BenV's notes

Borderlands 2 / Torchlight 2 through a VPN

by on Sep.18, 2012, under Software

So today Borderlands 2 was released on steam for the USA.
Since “FUCK YOU ASSHOLES” — I’m not going to wait another 3 days for it to unlock over here, I’ll leech the torrent instead.
(at least for now). The Skidrow torrent works great btw 😉

Anyway, since my brother is on his own home LAN we have a nice and simple OpenVPN setup.
The OpenVPN setup uses tun mode, aka routing mode. This means that all VPN users get a local IP address from the OpenVPN server
in the 10.X.x.x range and not from DHCP. All great. After I made sure I could be connected to on the OpenVPN IP, we started Borderlands 2.

Locally the 2 PCs could find eachother just fine after killing the windows firewall. However, the connection through over the OpenVPN IP addresses
failed miserably. No time to find out why, but the trick from Borderlands 1 still works: start the game with your friend’s server IP behind it like this:

"C:\Games\Borderlands 2\Binaries\Win32\Borderlands2.exe"

Have fun playing! 🙂

After playing for a while I decided to go figure out what the problem was.
It was already annoying enough, but also Torchlight II had exactly the same issue: LAN games could not see each other through the VPN.

After running tcpdump / Wireshark for a while both locally and on the tunnel I noticed:
* These games use UDP broadcasts to detect if there are games running on the LAN
* Windows is fucking retarded
* The broadcasts only get broadcasted on a single Ethernet interface. Guess which interface DOES NOT get these broadcasts? Exactly, your VPN.

Fortunately I also have a solution:
The INTERFACE metric (note: this has nothing to do with ROUTING metrics!) determines which interface windows uses for these broadcasts. Normally this metric would be on “automatic metric“, and this probably means that your real Ethernet adapter gets the broadcasts.

To change this, open your LAN adapter’s properties (these days in windows 7 found in the Network and Sharing center, change adapter settings, right click your LAN adapter, properties), open the properties of the “Internet Protocol Version 4 TCP (TCP/IPv4)“, go to Advanced, make sure the box at the bottom that says “Automatic metric” is DISABLED.
Now you’ll have to enter a number there.
The big trick: Make sure you enter a number here that’s HIGHER than the number you’re going to enter on your VPN TAP Adapter (for example: 10).
Next do the same thing for your VPN adapter, but enter a LOWER number. For example: 1.

Windows 7 Interface Metric

Changing your LAN adapter’s Interface Metric in Windows 7

Problem solved.

4 Comments for this entry

  • x-spirit

    Last night I tried doing the VPN thingy and METRICS with my roommates, however one of them (with win XP and VPN) still didn’t see the games. Also I didn’t see anywhere where I can set the METRIC on the VPN interface. But by default WinXP sets it to 50. Making the primary 1000 or even 9999 – still no games were to be found.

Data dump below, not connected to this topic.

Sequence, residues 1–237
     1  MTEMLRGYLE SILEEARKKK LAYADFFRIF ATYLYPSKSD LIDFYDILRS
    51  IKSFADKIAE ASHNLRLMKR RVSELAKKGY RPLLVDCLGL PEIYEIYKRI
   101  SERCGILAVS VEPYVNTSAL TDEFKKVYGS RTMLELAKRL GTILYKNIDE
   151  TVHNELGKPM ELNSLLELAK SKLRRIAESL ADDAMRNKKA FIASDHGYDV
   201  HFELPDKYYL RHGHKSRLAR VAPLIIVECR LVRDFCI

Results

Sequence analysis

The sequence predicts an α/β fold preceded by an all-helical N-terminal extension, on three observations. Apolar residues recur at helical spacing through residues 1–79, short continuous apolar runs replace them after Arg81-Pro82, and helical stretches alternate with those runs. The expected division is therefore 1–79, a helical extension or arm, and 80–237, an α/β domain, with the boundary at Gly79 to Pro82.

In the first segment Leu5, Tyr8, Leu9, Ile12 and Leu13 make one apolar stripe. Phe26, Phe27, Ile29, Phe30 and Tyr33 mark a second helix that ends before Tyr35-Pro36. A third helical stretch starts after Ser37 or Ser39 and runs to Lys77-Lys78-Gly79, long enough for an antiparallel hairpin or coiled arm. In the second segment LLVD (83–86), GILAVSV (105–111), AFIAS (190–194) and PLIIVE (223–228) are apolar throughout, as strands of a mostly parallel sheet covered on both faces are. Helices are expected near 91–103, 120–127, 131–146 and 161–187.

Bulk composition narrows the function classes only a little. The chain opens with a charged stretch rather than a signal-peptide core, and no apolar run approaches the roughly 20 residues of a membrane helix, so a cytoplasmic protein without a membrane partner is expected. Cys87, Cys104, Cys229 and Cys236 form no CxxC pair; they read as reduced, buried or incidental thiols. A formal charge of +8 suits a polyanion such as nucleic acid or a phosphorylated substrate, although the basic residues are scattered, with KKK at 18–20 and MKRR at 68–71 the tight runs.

We connected directly via cables and a switch but,
    guy with the other Win7 didn’t see the games until we disabled the IPv6 in the properties in his interface. Then everything started working again.

  • BenV

    X-spirit: thanks for your comment. Were you guys using OpenVPN or another VPN solution?

    It’s interesting that disabling IPv6 helped, most games don’t do anything with v6 yet.
    For me windows 7 with IPv6 enabled worked just fine (in combination with a vpn and without), didn’t see any v6 traffic when sniffing with tcpdump and wireshark. Maybe your windows was trying to be smart and route it through their pseudo ipv6 interface or something, hard to tell without running wireshark 🙂

    Not sure on Windows XP and the metrics, I haven’t touched XP in a while, but good to know about the default metric of 50.

  • x-spirit

    What we were using was pptpd trough a linux box:

    P1(XP) — Inet/pptpd — Linux server —LAN— P2(Win7) —LAN— WiFi — P3(Win7)

    Also I (P2) am with Win7 and IPv6 enabled, but my roommate (P3) started seeing the games just after disabling IPv6 in his Win7 notebook. He also has some corporate firewalls and software and the installation is not a clean install, so maybe there is something added in the distribution.

    At some point P1 didn’t see P2 and P3, then P1 saw P2, but P3 didn’t and so on and so on, until the direct LAN cable trough the apartment 😀

    We also tried Tunngle.. but P1 couldn’t run it in XP for some strange reason…

    Hamachi also didn’t do the job for all of us.

    I doubt that they will want to install OpenVPN on their PCs and loose an hour in configurations when we can play this way.

  • massimilianonball

    Hy!! I’m Massimiliano from Italy, sorry from now for my english, but i must make you a lot of compliments for this solution!!

    I’m a linux fan and i love to play to a lot of games with my pc (and with my friends too..) and so the natural solution is the vpn.

    The biggest problem that i’ve found is that “Windows is fucking retarded” 🙂 and so until now i haven’t found a solution for the udp broadcasting between the local and the vpn interfaces..

    I’ve tried several solution like “forcebindip” or like change the network card priority in the windows’s network configuration, but the results was never a success..

    I’ve test your first solution in the past with games that permits to choose an ip address (my favourite was operation flashpoint dragon rising): in this case i was be able to play with openvpn as vpn server, but in many other games this configuration fault.

    In my opinion (unitl your solution..), my best option was playing with a pptp server because of the bradcast option that it has in the linux server configuration.

    Those are my two cents for this argument, do you have make any other “experiments” more or less similar to this one..??

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